Yoast SEO -Yoast is the best all in one SEO plugin for your WordPress Blog. Their plugin is free and walks you through the entire setup process of using it to make your site SEO friendly. Our favorite part is the grading scale which shows colors red, yellow and green to indicate your SEO friendliness status on each page or blog post.


Like any web platform, hackers and spammers are always trying to break into your website. WordPress accounts for more than 20% of the websites online and this is why it’s important to protect your website from known security threats.

Akismet – This plugin comes standard with any new WordPress installation and all it requires is a quick free sign-up to get your “key” for your site. Installed by millions, this plugin is the leading spam filter for your contact forms and post comments.

WP Limit Login Attempts – To avoid potential hackers from attempting to figure out your login information, you can limit the amount of attempts to access your WordPress back end.

Sucuri – If you’re looking for total protection and willing to pay a little money, then Sucuri is your best choice. They will not only protect you from hackers trying to get into your site but will clean your website up if there is ever a breach.

Email Capture

Once visitors land on your website, you’ll want to capture their email address so you can continue to add value for them. This can be done with many paid plugins or email-specific plugins like MailChimp, but if you’re looking for a great free option, we like SumoMe.

SumoMe – Their plugin suite provides free tools you need to grow your WordPress site. They make it easy for your readers to join your email list, share your articles and optimize with analytics.


You can’t measure what you don’t track. These are the plugins we use on all of our websites.

Pretty Link – When you place links on your blog, don’t you want to know how many people are actually clicking them? With Pretty Link, you can shrink, track, manage and share any URL on or off of your WordPress website.

Google Analytics – After you setup Google Analytics for free under your account, install this plugin so your website can easily integrate with your Google Analytics account.

Site Optimization

W3 Total Cache – W3 Total Cache helps you optimize your WordPress site for speed and performance, without having to upgrade your hosting.

Header and Footer – Many widgets or third party tracking apps require you to place a snippet of code on your website. Instead of digging through the WordPress editor, use this plugin to easily paste the code all in one place.

Backup Buddy – It’s always nice to keep a copy of your website around in case something bad happens. Backup Buddy automatically makes copies of your WordPress site. For a free backup tool, also check out BackWPup Free.

NOTE: Each of the mentioned plugins should work with the latest WordPress Version. However, there is a slight chance one or more are not up-to-date. Make sure you are getting the latest version of the plugin to avoid any potential issues.


In case you ever need to update your user information, this is where you can edit your profile, add new users, or delete users.

In many cases when you first create your profile it will combine your first and last name as the author of the post. For example; John Price might show as johnprice. Change the “Display the name publicly as” to what you want for each post.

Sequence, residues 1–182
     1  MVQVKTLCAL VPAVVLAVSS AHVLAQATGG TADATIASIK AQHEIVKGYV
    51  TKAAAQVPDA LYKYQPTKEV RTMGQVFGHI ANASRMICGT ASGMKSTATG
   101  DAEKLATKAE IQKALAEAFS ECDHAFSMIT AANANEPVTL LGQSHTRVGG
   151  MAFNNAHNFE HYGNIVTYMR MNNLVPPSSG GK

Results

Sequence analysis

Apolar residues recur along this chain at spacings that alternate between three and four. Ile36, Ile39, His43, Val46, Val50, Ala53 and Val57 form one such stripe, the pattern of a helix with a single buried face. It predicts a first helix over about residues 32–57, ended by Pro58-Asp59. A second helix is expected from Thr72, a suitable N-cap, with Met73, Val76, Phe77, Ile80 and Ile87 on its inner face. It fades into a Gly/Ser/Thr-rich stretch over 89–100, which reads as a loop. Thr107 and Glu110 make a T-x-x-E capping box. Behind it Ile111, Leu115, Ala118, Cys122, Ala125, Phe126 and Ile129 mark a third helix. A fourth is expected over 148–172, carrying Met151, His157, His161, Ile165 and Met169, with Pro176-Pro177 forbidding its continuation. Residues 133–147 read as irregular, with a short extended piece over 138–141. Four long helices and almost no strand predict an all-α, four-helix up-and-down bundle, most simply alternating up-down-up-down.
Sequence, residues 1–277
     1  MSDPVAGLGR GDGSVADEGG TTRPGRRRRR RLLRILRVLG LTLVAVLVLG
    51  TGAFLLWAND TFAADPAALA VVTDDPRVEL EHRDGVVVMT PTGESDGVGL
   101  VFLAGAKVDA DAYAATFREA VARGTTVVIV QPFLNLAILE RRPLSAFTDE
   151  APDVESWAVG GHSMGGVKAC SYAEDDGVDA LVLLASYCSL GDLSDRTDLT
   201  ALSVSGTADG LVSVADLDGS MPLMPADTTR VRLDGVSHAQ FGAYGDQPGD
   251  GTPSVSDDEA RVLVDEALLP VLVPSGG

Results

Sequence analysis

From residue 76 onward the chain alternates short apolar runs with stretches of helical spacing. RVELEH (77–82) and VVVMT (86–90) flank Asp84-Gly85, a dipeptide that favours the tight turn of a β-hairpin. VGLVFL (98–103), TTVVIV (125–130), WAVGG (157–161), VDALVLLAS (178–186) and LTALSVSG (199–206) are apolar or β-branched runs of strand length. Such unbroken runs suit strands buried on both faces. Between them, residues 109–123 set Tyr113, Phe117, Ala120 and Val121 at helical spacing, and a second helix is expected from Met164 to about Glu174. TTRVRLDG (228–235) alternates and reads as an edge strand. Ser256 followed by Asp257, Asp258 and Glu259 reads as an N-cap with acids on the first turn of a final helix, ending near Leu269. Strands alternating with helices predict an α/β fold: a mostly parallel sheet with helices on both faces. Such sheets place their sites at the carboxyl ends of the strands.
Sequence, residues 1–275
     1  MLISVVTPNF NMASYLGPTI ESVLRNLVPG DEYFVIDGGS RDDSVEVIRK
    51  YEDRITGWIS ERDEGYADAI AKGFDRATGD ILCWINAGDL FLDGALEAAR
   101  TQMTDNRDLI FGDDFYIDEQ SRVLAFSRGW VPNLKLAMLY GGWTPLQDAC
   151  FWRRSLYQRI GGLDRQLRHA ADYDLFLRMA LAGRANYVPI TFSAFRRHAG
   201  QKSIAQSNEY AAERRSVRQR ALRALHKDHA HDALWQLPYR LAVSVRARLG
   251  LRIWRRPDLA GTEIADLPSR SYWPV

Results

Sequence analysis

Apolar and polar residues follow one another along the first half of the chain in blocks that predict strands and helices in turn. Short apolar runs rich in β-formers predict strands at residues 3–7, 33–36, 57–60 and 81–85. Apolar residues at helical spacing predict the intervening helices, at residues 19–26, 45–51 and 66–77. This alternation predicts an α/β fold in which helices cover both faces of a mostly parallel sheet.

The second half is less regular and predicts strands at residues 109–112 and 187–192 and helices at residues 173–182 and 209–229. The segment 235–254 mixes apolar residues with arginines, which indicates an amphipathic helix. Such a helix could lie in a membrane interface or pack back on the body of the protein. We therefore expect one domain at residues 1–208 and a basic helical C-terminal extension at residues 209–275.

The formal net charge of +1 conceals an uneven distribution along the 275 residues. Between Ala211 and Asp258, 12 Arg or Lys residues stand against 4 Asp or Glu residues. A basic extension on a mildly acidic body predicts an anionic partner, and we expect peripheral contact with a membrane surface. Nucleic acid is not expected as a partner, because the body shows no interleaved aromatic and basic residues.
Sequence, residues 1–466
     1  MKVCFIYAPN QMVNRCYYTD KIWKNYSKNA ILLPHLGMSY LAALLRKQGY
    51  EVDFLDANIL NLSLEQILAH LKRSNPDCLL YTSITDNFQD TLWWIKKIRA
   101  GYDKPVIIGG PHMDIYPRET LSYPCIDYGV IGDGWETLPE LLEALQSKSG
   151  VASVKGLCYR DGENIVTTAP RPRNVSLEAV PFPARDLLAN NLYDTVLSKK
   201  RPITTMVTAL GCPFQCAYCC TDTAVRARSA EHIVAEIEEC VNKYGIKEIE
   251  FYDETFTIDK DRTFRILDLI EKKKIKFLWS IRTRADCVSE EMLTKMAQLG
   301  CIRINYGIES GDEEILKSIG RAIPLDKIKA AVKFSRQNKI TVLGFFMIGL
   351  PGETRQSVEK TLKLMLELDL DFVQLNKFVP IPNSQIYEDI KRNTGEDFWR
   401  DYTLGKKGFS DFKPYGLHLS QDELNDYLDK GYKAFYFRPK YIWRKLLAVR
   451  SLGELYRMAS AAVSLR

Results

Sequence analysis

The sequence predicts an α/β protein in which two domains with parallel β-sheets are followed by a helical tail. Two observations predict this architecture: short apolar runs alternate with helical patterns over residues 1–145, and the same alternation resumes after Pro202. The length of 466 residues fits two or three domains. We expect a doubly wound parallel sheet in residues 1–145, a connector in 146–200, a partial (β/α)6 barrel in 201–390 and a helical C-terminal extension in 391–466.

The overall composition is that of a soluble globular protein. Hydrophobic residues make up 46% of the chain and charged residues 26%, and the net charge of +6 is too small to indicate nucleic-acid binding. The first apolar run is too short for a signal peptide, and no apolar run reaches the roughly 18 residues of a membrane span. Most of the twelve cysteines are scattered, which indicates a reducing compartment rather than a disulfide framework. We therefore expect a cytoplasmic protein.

You can assign roles for each user. Keep your profile as the administrator and unless you trust others with your website, try not to add any additional administrators.

Here are the user roles:

Subscriber – The basic level role of a user is a subscriber. This is the default role that wordpress assigns to a user and their access is the most limited.

Contributor – Great for guest writers, the contributor role is suitable for those who don’t need much access. Contributors can edit and delete only unpublished posts by that particular user, and each blog post must have approval before it goes live.

Author – An author has a limited role which allows them to add, edit, and remove only the posts that they’ve written in the past.

Editor – This role is perfect for anyone that needs access to the content on the website but not to anything else like plugins, widgets and so on.

Administrator – This user holds the keys to the castle. They can change themes, edit code, and have free range to do anything throughout the website. Only assign administrator rights to those you really trust.

NOTE: Working with a developer? Set them up as Administrators to give them access to edit themes and plugin development code. Be sure to make a backup of your website and consider only giving them access to your staging website, not your live one. This is easy when you’re using WPEngine as your hosting company.


The last, but definitely not least, part of this setup is the Settings area within your WordPress site. The Settings area is where you’ll do three major edits:

1. Update information and tagline.


2. Tell WordPress where to show your blog posts and homepage.


3. Set up permalinks to boost your SEO value.


What now?

Now that your WordPress site is configured, you’re ready to start writing for your blog!

Other helpful posts to check out at this point:

Having issues with your design or development? We recommend using WPCurve for all your WordPress issues. They’re an affordable solution and their quick turnaround makes them the best in the space.